After lunch, I went to the supermarket with a few of them. Some things about it are very familiar and comforting because they remind me of Yikelong, our beloved supermarket in Hunchun. The dried stuff row, for instance, has the exact same packages of squid and chicken feet. They sell Alpenliebe candy here, too, which taste exactly like Creme Savers, and Orion snack cakes, which were Tanner’s favorite. But there are definitely differences. They have a lot more American brands here – I had seen Coke, Sprite, Snickers, and Dove before, but they also have M&M’s, Mountain Dew, and Lay’s. Granted, the Lays come in flavors like blueberry and kiwi and Sichuan spicy and Mexican Red Tomato, but still . . .
I couldn’t find the Chinese brands of shampoo and conditioner that I liked last year, so I ended up buying Pantene (one of the many American brands they stocked) but as the American brands had less English than the Chinese ones, I’m only hoping that I got both a shampoo and conditioner.
One main thing on my shopping list was notebooks, and I was more than satisfied with their selection. I got some pads with official-looking 厦门大学 (Xiamen DaXue, my school) headings on them, some postcards (get excited, all of you who gave me your addresses!), and a few cute notebooks. I bought one of them because of the inspirational message on the front. I think we would all do well to heed its advice:
“However mean your life is,
meet it and live it; do not shut it and call
it hard names. it is not so bad as you are.
it looks poorest when you are richest.”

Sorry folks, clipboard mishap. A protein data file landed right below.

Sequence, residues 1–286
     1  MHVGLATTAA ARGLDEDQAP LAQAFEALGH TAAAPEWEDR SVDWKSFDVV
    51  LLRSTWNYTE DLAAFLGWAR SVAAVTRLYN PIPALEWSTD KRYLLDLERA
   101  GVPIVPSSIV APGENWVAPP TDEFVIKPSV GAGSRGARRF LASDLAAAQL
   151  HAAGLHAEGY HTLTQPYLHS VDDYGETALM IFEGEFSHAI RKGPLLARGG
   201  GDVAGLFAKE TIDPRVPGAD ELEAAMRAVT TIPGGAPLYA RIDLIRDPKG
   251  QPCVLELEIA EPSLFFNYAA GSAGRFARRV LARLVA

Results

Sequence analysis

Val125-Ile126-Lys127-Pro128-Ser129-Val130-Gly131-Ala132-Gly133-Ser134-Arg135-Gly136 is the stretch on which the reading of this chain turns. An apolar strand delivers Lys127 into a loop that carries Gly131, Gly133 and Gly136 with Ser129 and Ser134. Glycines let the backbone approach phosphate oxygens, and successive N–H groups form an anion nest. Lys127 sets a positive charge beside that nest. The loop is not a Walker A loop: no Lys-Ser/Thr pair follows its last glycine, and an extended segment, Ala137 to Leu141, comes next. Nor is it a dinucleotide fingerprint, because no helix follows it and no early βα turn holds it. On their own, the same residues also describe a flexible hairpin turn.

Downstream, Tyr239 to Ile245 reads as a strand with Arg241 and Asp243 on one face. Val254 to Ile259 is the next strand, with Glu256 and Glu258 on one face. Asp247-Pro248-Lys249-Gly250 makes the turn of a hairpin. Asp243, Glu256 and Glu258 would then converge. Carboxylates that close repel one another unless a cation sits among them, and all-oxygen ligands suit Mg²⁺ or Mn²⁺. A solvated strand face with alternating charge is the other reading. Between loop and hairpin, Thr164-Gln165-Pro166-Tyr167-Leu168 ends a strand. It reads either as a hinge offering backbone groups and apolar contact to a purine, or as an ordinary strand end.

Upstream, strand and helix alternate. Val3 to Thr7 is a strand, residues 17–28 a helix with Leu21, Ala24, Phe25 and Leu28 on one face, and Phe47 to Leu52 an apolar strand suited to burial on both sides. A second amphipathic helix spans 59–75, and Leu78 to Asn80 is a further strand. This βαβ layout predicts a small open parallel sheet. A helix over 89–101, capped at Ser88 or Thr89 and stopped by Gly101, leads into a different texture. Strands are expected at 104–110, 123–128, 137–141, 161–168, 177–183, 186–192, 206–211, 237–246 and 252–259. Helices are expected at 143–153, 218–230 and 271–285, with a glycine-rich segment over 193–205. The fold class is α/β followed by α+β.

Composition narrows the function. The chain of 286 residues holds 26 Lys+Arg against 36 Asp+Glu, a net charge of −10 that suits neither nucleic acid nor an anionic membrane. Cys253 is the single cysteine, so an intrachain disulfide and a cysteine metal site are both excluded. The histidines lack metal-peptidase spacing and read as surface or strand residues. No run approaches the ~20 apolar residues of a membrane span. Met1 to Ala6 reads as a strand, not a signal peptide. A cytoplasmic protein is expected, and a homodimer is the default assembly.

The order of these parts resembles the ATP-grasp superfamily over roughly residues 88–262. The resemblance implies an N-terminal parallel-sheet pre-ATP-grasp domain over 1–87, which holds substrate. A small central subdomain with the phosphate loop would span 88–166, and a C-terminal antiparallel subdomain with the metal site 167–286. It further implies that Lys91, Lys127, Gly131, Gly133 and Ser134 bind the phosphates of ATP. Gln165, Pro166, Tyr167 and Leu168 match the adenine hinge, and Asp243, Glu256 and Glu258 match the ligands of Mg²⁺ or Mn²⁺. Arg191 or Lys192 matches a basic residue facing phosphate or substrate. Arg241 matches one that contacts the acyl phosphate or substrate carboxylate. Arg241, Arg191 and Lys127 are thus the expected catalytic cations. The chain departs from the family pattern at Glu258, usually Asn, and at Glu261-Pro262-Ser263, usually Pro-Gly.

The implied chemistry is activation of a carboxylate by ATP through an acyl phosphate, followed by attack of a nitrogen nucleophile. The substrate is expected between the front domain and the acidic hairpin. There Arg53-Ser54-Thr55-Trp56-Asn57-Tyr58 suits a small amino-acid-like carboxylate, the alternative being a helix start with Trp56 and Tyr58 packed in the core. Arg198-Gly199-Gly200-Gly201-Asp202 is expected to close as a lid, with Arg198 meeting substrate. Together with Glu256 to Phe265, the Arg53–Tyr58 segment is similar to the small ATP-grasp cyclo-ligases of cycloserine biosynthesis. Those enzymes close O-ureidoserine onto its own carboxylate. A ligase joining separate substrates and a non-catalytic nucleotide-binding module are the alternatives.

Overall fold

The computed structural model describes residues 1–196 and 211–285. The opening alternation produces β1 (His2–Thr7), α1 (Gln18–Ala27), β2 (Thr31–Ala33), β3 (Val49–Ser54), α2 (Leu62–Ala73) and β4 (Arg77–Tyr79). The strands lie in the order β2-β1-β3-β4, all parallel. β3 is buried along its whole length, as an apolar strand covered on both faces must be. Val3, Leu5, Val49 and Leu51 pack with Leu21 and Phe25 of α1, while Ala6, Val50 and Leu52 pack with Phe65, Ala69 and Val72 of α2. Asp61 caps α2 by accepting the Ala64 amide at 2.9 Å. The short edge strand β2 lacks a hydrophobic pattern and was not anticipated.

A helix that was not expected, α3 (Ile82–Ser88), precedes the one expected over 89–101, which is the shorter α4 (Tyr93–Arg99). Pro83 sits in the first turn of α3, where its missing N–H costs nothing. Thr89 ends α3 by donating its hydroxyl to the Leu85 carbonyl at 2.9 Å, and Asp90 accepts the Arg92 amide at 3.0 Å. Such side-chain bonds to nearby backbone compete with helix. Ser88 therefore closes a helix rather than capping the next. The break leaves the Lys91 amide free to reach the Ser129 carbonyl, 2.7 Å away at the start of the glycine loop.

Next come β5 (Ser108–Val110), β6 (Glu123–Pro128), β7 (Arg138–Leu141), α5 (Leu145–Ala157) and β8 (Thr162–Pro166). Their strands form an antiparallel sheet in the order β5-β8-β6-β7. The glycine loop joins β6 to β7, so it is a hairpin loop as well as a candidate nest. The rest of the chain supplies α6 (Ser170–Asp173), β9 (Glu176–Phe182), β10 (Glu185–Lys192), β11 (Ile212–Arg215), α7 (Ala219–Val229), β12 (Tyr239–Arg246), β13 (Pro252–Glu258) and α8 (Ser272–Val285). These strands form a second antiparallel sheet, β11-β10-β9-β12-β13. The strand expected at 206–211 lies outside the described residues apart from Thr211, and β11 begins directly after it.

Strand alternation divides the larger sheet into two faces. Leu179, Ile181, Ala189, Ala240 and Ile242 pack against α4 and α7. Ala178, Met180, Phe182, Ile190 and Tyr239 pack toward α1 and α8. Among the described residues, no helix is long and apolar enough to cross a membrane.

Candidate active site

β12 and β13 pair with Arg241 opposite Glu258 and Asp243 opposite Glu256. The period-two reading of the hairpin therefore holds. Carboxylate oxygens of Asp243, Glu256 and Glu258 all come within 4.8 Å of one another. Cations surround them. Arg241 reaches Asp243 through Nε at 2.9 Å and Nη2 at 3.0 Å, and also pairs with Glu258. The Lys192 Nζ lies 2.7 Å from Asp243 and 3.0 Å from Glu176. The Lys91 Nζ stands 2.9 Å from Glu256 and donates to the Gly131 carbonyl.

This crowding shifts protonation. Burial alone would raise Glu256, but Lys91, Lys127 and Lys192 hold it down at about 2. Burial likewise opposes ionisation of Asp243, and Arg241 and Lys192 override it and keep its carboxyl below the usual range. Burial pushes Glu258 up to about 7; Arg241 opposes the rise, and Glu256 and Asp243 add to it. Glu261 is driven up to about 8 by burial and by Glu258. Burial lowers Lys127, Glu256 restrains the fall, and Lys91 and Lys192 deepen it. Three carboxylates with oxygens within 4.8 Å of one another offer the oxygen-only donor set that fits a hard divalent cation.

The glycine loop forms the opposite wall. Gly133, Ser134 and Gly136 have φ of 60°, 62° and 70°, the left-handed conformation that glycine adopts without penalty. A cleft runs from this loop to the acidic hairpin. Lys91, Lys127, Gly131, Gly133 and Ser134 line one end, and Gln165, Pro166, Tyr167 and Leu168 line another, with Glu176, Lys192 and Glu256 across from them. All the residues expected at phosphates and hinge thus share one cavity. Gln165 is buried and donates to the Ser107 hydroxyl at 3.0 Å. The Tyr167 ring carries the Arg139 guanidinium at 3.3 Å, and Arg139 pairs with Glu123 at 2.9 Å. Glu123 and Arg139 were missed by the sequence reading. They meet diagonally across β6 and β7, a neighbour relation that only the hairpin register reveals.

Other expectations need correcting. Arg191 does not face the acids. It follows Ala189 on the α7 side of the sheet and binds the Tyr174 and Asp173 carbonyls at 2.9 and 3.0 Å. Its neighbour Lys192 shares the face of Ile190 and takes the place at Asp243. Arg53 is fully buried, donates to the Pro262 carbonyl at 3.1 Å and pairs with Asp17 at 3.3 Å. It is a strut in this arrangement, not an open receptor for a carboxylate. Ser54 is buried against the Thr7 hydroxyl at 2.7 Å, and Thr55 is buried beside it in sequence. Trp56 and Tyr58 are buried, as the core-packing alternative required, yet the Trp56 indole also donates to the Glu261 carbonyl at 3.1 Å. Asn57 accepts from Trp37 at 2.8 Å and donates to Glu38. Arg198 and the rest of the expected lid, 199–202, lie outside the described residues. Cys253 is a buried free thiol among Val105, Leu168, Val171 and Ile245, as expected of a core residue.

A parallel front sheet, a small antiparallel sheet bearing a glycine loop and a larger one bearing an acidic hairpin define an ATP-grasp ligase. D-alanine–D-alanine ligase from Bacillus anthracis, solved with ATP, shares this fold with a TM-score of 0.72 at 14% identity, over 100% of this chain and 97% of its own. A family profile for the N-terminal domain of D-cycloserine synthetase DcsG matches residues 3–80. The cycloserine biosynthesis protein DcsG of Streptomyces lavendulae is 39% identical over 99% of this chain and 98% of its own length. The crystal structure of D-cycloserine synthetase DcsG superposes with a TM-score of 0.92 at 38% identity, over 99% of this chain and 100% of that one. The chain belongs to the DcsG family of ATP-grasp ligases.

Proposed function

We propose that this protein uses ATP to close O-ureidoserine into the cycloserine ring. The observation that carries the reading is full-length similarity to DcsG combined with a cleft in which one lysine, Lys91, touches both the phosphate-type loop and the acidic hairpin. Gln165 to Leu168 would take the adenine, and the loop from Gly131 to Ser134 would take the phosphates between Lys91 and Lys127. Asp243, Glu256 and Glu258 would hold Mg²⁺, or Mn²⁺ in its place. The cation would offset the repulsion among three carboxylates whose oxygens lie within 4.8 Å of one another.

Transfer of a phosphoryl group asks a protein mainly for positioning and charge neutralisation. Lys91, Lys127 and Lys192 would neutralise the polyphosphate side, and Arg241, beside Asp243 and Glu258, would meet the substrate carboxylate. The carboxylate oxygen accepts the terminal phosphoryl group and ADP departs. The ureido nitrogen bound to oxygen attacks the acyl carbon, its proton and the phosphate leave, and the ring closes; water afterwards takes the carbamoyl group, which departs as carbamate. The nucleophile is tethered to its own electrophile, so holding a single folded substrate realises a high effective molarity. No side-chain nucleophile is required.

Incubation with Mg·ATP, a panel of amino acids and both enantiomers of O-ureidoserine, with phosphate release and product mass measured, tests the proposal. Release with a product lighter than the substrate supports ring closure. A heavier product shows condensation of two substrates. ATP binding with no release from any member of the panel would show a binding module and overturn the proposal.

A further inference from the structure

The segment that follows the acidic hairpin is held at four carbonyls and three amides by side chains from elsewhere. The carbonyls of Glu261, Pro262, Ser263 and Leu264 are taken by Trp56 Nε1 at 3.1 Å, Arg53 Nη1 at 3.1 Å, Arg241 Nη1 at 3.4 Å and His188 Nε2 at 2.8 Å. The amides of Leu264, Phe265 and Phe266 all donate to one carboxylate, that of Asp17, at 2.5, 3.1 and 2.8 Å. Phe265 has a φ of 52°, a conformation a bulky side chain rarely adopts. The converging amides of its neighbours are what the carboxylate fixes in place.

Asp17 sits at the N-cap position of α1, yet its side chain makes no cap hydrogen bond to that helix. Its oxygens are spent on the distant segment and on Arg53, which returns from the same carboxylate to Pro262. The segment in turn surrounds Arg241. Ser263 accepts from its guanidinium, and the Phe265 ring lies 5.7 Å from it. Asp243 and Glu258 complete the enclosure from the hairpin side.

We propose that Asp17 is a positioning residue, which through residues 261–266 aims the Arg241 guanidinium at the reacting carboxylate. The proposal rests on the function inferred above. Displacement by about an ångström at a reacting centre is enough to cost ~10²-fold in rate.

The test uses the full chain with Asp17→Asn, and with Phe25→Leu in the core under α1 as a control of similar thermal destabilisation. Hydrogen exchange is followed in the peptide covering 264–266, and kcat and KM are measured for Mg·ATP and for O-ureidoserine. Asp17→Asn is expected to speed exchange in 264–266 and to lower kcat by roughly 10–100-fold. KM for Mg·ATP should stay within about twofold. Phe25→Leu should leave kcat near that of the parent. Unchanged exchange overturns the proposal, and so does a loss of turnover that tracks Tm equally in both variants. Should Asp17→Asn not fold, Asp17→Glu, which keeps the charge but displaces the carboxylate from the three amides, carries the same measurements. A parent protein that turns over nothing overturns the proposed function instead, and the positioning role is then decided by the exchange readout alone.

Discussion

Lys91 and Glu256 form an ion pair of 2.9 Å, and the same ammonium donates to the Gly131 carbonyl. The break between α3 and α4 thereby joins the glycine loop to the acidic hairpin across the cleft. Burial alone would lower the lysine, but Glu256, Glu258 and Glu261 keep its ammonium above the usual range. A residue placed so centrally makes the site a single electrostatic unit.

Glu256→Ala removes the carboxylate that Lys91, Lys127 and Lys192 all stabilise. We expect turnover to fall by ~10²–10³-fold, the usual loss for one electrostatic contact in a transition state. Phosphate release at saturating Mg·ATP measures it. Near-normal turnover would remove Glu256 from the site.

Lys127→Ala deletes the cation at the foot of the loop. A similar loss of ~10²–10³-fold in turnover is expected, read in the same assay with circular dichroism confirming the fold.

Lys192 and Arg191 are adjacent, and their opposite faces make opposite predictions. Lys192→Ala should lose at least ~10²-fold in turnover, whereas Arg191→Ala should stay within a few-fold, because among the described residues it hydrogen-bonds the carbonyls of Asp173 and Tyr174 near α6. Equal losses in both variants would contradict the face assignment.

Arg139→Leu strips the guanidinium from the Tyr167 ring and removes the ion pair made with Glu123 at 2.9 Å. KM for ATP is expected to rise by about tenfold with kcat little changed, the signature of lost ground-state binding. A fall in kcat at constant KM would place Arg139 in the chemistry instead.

It took me a while to find France bread, because it seemed like they only sold French Bread (way less cool), but I finally did. It was even harder to find my favorite yogurt drink, Mengniu, but I was eventually able to reward myself with delicious creamy strawberry yogurt.
Yogurt in hand, I went shopping for a cell phone at China Mobile, which I had heard had English speakers. I was greeted immediately with a “How may I help you?” I bought a Nokia cell phone and SIM card for 380 kuai ($54). The prices here are a welcome relief after America. I pay 5 yuan (80 cents) a month, but that comes with 50 free text messages. It costs .1 yuan (1.5 cents?) per minute to call someone, but receiving calls and texts is free. If I’m in a different province, then it is “very expensive” to call people – 0.6 yuan (9 cents) a minute. I think I’m going to spring the extra 6 yuan a month for caller ID, too.
The young woman who helped me spoke very good English. While someone set up my contract, we talked a little bit. She asked if I was a student, where I came from, if I’d been to China before, etc. When I told her I had been to Jilin, she literally took a step back – it turns out that she’s from Changchun, the capital of Jilin! She studying Oceanography here at Xiamen, which surprised me because with her level of English, I figured she was studying to be an interpreter or something. When I finally got my phone, we exchanged numbers and she helped me enter hers into my phone book. So I now have a Chinese friend!
I’m still kind of high off that victory – a cell phone AND my first 中国朋友 (Chinese friend)!